The game hasn't changed in fundementals, build a zoo, more expensive animals generate more visitors and money. There has been an astounding leap in graphics though. Each animal has to be built a personalised enclosure, with its correct biome and fencing...a wire fence wont keep in a tiger; as my visitors learned the hard way.

The detail of each specfic biome is impressive, tundra, temperate, rainforest; all have specfic trees; plants and even rock formations. The most notable change from 1 to 2, is the 'keeper mode'. This mode allows you to walk around the zoo and interact with visitors and animals like a keeper, feeding, bathing and sometimes healing them..the animals that is, not the visitors; that another game entirely.

A wide range of themed kiosks and amenities are available for purchase or to download. Safari like jeep rides and sky trams are also incorporated and can be ridden from the perspective of the visitor. I particularly enjoy taking the safari rides around large savanha enclosures.

Each of the expansion packs add a new type of animal, I most recommend the 'Africa' and 'Endangered Species' packs.




Be wary though, the larger the land you choose, and the more you build up your zoo, the slower the game becomes. You really do need quite an impressive computer to run this game with its expansions for any length of time.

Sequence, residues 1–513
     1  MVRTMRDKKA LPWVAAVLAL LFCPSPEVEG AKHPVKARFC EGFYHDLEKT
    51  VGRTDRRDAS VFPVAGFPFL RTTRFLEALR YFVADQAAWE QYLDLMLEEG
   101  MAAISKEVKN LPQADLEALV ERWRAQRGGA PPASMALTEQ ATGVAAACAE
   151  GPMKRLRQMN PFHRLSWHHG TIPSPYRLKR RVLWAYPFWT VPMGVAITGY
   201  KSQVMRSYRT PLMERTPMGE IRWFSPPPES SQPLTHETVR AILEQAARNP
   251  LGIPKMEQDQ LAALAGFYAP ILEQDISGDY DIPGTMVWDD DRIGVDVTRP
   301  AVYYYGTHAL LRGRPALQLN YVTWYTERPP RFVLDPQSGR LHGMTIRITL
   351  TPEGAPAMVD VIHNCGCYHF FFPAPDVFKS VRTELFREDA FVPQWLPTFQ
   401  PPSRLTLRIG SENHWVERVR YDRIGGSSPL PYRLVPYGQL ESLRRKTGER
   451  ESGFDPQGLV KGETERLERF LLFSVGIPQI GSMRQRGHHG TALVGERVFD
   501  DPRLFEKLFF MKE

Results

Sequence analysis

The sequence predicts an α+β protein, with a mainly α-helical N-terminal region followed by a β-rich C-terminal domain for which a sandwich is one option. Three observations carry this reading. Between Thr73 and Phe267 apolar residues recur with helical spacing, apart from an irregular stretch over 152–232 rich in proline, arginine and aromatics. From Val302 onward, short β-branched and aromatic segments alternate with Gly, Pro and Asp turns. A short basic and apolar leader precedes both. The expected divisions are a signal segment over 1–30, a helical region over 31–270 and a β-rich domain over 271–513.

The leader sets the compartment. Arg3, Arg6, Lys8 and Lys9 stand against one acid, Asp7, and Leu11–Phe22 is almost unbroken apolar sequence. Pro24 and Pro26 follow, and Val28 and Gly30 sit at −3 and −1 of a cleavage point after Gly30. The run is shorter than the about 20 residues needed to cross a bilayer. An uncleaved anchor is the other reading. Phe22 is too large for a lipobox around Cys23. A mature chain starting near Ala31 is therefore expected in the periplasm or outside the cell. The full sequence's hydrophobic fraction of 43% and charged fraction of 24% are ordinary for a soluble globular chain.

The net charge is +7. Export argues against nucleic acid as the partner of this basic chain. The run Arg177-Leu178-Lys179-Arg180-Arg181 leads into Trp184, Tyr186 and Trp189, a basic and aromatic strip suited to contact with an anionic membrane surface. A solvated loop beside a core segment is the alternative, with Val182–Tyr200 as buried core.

Impressively detailed and by far the best of the 'Tycoon' series.


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Wii Sports review

Posted : 9 years, 6 months ago on 27 March 2008 10:43 (A review of Wii Sports)

Wii Sports is not a game to go out and buy, luckily it comes free with all new Wii Systems.

Once you've got over the initial excitment of the Wii wand/sports bat movement, it soon grows tedious. What makes most games good is the ability to do something you wouldn't or couldn't ordinarily do; scale cliff walls, drive a Forumala 1 car, be in World War II.

Wii sports is fun for about five minutes, and is in no way a contender in the current game race. However it does provide an oppertunity to get used to gaming with the wand and nunchuck.

More of a training level than a game.